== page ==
Löfven Calls Snap Elections After Budget Defeated

The Social Democrat had little choice but to call early elections or carry out the right’s spending plans.

Stefan Löfven, leader of the Swedish Social Democratic Party, delivers a speech in Stockholm, August 10
Stefan Löfven, leader of the Swedish Social Democratic Party, delivers a speech in Stockholm, August 10 (Socialdemokraterna/Anders Löwdin)

Swedish prime minister Stefan Löfven said on Wednesday he would call early elections in March after failing to win the support of opposition parties for his budget.

Just two months into office, Löfven’s coalition of Social Democrats and Greens collapsed when the nationalist Sweden Democrats announced their intention to support the mainstream conservative and liberal Alliance’s budget proposal.

After winning 13 percent support in September’s election, the Sweden Democrats hold the balance of power in parliament.

Löfven made a last-ditch effort on Tuesday night to convince the Alliance to back him after all. They refused. Löfven is committed to reversing many of the economic and social policy changes they made in government.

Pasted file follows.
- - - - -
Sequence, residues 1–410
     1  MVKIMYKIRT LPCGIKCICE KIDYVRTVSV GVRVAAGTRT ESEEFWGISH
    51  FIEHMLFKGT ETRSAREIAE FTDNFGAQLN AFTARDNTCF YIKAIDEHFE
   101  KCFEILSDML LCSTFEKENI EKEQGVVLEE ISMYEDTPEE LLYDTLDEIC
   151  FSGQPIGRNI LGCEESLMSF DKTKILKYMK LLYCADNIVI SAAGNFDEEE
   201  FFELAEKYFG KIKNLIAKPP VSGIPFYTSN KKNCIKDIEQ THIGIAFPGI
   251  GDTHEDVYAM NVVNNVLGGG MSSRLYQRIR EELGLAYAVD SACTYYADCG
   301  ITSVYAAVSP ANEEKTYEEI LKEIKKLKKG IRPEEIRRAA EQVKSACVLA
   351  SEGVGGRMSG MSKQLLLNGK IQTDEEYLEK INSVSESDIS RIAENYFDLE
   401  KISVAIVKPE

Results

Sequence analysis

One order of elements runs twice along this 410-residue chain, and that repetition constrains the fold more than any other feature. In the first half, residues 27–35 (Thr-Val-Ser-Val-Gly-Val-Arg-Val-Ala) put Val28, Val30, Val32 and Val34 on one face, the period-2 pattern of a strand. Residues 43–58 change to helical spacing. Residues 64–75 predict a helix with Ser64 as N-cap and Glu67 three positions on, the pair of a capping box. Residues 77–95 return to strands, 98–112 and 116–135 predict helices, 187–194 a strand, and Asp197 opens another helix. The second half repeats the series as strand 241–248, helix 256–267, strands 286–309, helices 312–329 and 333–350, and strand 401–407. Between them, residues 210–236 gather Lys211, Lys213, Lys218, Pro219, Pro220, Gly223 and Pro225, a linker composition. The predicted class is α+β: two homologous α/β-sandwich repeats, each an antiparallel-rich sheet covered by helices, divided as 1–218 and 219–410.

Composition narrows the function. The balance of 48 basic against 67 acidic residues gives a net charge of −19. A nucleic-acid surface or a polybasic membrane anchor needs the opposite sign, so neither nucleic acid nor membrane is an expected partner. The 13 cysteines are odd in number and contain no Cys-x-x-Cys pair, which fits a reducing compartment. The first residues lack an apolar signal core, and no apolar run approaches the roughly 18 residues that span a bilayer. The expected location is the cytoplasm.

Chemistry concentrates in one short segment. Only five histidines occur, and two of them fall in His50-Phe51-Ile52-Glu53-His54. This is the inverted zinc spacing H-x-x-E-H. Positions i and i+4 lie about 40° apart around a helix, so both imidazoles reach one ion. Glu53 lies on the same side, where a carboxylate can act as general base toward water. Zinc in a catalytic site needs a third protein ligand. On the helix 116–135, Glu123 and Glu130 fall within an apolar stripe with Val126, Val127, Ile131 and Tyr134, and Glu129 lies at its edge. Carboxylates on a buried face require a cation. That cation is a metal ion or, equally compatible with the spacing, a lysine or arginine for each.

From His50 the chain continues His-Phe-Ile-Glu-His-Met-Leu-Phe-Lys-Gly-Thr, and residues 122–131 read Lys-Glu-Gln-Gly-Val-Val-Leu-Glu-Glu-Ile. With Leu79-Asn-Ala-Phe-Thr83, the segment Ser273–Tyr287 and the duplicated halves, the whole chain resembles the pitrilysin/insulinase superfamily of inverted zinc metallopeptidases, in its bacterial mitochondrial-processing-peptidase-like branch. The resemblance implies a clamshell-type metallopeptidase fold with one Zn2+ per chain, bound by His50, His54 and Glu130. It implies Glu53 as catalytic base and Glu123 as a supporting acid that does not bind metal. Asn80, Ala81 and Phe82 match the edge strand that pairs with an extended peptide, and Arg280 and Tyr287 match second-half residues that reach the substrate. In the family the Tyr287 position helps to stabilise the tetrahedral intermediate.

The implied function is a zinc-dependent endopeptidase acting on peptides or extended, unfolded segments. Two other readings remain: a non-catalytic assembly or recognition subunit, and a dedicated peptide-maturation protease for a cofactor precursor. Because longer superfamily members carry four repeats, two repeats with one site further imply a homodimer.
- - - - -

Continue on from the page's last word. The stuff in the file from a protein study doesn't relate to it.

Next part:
Had Löfven not stood down and called snap elections, he would have been obligated to carry out the right’s spending plans rather than his own.

He blamed the Alliance for giving the nationalist an effective veto. “They are allowing the Sweden Democrats to dictate the terms of Swedish politics,” he said.

The Sweden Democrats said they opposed the government’s budget because it raised taxes on the elderly while doing nothing to curtail what they describe as an “extreme immigration policy.”

Sweden takes in more asylum seekers per capita than any country in the European Union. Despite welfare reforms enacted under the last Alliance government, it also maintains relatively generous social provision for immigrants.

The last election, in September, gave neither the left nor the right a majority. The Social Democrats defeated the Moderate Party, the largest in the Alliance, reflecting voters’ concern that the Swedish welfare state was failing after eight years of tax cuts and liberalizations. But many were also skeptical of the Social Democrats’ tax and spend promises.

The Sweden Democrats were the election’s only clear winners. They doubled their support to become the third-largest party. However, all other parties ruled out collaborating with them because of their anti-immigration views.

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